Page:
Race Weekend Central

Inside IndyCar: A Long History at Texas

The NTT IndyCar Series and the state of Texas have a long and storied history which dates back 75 years and has included stops in Arlington, College Station and Austin.

Since 1997, IndyCar has called the 1.5-mile Texas Motor Speedway in Fort Worth home, a partnership that is now the third-longest in the series behind the Indianapolis 500 and the Grand Prix of Long Beach. The series returns to TMS this weekend for the PPG 375, as the season resumes after a four-week break since the 2023 season opener in St. Pete.

More than any other track, TMS truly represents the evolution of IndyCar since the mid-1990s. Its first race in June 1997 was held just over a year after the CART/IRL split and featured a 26-car field made up of a collective of young drivers like future NASCAR Cup champion Tony Stewart, drivers who likely would never have reached the top level of American open-wheel racing without the IRL, and old CART holdovers like Arie Luyendyk and Scott Goodyear.

In a crazy scene that was a harbinger of things to come at TMS, the race win was awarded to Billy Boat and saw a shoving match between Luyendyk and A.J. Foyt in Victory Lane, with the Dutchman claiming he was the winner of the race. Luyendyk appealed and was declared the winner after a review proved he had completed one more lap than the rest of the field.

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With the IRL embracing a low horsepower/high downforce package, races at TMS were often high stakes Texas shootouts, with pack racing leading to plenty of thrilling racing and memorable finishes, and also plenty of danger.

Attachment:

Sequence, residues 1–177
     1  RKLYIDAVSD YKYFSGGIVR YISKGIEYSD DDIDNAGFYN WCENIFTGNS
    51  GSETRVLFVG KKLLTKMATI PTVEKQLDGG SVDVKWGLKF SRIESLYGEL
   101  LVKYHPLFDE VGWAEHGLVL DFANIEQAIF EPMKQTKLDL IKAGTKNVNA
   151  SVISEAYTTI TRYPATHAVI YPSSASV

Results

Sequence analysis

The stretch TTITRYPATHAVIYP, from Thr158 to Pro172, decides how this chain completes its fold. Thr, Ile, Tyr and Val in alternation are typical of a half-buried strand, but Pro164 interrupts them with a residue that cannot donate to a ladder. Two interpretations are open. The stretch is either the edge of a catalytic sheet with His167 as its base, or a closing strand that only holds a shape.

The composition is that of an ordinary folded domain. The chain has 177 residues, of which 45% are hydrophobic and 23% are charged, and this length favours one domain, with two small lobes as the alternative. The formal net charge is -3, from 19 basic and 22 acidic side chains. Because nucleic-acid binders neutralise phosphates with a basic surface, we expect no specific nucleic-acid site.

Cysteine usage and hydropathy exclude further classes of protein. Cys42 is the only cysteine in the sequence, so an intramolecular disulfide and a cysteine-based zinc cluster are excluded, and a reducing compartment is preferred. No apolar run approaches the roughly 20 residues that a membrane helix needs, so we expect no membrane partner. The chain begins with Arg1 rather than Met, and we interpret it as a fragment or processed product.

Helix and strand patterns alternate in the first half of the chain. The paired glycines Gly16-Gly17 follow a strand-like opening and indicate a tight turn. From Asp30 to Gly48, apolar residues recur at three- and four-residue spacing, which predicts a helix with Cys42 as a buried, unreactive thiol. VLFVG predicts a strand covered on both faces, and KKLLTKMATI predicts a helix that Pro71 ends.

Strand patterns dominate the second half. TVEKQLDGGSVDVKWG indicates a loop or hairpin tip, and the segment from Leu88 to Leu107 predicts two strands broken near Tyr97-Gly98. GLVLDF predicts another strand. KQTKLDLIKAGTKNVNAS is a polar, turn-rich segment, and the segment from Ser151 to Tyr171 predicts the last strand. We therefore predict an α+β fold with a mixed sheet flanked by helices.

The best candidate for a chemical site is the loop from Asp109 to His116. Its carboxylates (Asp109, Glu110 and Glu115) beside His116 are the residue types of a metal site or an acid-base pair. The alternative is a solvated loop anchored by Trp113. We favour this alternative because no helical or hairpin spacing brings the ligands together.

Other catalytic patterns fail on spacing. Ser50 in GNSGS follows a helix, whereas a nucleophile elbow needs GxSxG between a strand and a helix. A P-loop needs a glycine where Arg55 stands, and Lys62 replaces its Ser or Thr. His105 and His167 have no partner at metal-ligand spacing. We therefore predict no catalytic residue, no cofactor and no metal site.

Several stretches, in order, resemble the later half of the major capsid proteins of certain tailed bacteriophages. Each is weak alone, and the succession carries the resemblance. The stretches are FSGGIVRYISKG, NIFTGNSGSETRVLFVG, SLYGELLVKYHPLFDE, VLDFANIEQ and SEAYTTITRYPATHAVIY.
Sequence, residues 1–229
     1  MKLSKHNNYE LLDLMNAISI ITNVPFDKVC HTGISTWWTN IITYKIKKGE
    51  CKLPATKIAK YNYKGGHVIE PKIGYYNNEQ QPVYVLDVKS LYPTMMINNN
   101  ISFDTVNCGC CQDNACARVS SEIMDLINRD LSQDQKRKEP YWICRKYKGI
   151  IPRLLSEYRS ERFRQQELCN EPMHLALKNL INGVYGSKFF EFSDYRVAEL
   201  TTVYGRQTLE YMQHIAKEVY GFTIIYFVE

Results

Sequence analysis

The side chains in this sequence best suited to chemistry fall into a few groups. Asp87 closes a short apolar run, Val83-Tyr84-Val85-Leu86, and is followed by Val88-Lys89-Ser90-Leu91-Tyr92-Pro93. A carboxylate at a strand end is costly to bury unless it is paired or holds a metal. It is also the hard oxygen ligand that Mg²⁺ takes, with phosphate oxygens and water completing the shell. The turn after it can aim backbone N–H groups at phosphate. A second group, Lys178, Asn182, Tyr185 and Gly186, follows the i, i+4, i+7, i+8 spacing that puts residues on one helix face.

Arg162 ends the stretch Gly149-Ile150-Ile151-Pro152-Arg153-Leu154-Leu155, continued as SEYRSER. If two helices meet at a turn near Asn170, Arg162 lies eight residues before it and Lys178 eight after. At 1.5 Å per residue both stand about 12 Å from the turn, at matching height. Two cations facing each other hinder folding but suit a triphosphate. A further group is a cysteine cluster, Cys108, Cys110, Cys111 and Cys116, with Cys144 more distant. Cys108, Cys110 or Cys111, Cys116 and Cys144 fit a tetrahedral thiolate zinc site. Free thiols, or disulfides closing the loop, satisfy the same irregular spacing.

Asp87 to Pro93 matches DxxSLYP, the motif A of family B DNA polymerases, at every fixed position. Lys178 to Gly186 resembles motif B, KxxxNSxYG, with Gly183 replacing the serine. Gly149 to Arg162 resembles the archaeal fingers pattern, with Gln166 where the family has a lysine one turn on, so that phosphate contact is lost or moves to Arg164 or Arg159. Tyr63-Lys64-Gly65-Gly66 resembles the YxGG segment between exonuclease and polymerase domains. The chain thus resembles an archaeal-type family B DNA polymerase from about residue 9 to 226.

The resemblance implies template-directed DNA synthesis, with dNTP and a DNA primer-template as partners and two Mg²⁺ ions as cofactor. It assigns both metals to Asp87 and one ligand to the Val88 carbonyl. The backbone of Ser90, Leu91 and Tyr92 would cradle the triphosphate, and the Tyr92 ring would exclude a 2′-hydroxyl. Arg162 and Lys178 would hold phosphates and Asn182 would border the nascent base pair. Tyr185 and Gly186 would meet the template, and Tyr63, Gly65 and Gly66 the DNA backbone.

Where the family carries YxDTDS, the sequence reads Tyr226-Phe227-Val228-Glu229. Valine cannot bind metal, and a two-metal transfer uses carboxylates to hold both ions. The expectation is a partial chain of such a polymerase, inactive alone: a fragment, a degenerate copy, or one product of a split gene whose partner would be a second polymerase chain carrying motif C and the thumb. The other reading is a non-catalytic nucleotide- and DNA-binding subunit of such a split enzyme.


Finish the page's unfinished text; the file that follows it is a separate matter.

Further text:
On more than one occasion, the dark side of the sport also reared its ugly head, with several drivers took trips to the hospital as the result of injuries sustained from crashes on the high-banked, 1.5-mile oval.

Davey Hamilton suffered a huge, career-altering crash in 2001, and in 2003, 1999 Indy 500 winner Kenny Brack went up into the catch fence at the end of the back straightaway, suffering severe injuries that all but ended his career. Brack’s impact was measured at 214g’s, making it one of the biggest impacts in IndyCar history.

While the pack racing mentality has gone by the wayside, Texas still holds its reputation as a track with close racing and thrilling finishes. Some of the closest finishes in IndyCar history have occurred at TMS, with races being settled by hundreds, if not thousands of a second.

One of those close finishes occurred in 2022. Kiwi Scott McLaughlin, who started on the front row, dominated the race, leading 186 of the 248 laps. But in the race’s closing stages, Team Penske stablemate Josef Newgarden started cutting into that lead, and as they came to the white flag, Newgarden’s momentum was pulling him closer.

McLaughlin was held up by slower traffic, and Newgarden went to the high line and beat his teammate to the stripe and deny the Kiwi his first IndyCar oval victory by just .0669 seconds.